Pain varies in severity. In this case, the pain pump offers a better response to breakthrough pain than that of oral medication. If a patient is experiencing breakthrough pain, which is a sudden increase in pain, they are able to press a button on an external device that then signals the pump to release medication at a higher dose to rapidly alleviate the unexpected spike in discomfort.
Patients who use a pill have to wait in pain much longer while their medication takes effect. Since the opioid is constantly being given, pain relief is also more consistent.
The significance of this method is that pain is treated more conveniently and effectively. Therefore, intrathecal pain pumps can significantly improve quality of life, and an increase in survivability for oncology patients using pain pumps has also been recorded. Some studies also indicate that the use of intrathecal drug administration costs less after 3-6 months than conventional forms of treatment using oral pain medications.
However, this option is not perfect.
What are the risks with this type of cancer pain management?
Surgical implantation of the device is required and complete recovery can take 2-4 weeks. There are also risks associated with the surgery, the most common being infection, cerebral spinal fluid leaks, pump malfunctions (the most common reason for repeat surgery) or overdosing with pain medications. The device may also shift after being implanted and cause discomfort, requiring revision surgery.
Refills of medication every three months are also needed and performed using a small needle under local anesthetic in the physician’s office. Additionally, the batteries last approximately seven years and the pump will then need to be replaced. However, the procedure is simple and recovery is quick.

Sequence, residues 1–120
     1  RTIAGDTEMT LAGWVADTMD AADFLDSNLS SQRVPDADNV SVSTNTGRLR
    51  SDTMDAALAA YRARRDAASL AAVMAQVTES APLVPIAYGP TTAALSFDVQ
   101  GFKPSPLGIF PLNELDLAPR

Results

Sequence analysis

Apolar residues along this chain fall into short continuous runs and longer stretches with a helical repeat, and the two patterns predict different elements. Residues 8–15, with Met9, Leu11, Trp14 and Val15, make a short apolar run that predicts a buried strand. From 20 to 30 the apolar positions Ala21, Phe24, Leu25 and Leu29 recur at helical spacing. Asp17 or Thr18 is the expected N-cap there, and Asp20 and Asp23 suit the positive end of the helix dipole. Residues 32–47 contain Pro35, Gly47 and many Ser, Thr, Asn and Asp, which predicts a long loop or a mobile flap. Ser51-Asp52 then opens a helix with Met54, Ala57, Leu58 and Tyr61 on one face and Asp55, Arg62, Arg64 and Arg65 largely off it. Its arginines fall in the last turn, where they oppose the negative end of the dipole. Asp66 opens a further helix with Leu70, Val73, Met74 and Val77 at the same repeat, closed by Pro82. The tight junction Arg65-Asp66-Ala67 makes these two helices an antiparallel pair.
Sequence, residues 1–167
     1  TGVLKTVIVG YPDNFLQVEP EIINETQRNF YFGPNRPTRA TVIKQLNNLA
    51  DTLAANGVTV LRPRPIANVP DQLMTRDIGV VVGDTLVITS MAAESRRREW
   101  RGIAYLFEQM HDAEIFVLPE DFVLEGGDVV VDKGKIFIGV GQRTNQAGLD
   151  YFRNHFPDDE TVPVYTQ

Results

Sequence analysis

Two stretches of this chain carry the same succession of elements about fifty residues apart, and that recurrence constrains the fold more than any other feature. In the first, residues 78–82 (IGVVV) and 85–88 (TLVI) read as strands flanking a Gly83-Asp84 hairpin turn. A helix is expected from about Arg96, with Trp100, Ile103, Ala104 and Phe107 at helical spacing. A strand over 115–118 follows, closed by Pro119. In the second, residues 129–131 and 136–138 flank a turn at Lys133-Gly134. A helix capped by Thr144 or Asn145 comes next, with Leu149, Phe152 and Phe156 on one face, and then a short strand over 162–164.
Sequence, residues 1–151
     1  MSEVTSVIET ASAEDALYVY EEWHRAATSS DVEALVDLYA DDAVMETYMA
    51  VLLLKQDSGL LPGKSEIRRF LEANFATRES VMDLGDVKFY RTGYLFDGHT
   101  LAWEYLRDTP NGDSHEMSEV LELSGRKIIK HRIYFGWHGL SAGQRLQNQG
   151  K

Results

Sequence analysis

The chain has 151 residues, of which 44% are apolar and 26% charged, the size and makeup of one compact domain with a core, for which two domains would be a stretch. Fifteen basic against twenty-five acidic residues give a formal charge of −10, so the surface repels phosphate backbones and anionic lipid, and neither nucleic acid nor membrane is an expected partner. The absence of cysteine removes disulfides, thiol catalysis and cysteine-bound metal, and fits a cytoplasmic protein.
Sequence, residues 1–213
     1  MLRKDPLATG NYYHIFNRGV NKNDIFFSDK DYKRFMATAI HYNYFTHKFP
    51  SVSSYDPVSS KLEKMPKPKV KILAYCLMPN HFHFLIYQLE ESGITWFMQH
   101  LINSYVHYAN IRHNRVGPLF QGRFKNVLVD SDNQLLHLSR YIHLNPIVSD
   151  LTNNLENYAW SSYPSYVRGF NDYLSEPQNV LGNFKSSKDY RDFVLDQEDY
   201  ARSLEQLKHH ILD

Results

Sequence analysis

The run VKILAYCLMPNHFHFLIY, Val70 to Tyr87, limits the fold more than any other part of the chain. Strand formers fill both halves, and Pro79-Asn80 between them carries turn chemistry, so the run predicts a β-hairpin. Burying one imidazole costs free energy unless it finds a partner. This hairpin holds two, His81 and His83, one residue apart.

A recent study showed complications requiring surgery occurred in less than 10% of device implantation cases. Adverse drug reactions may occur but tend to subside as time progresses. Addiction to narcotic medications is a fear that many patients face. While this is one downside of treatment, we need to distinguish between addiction and physical dependence.
Addiction is the compulsive use of a drug in the face of damaging consequences. Physical dependence on a drug means the body adapts to it and requires more of the drug to attain the desired effect. The pain caused by cancer and its treatment can be so debilitating that dependence, not addiction, to narcotic medication must be achieved in order for a patient to enjoy and live life.
Most cancer patients embrace this form of pain management
Despite these downsides, one study showed that 86% of patients who used intrathecal pain pumps for excruciating pain state they would choose this option again, given the same result. Many other studies also attest to the efficacy of intrathecal therapy with patients consistently reporting high rates of satisfaction, reduction in disability and an increase in quality of life.
Fighting cancer is a battle in itself, and better management of related pain through intrathecal drug therapy can dramatically improve a patient’s quality of life, making their battle against cancer much easier.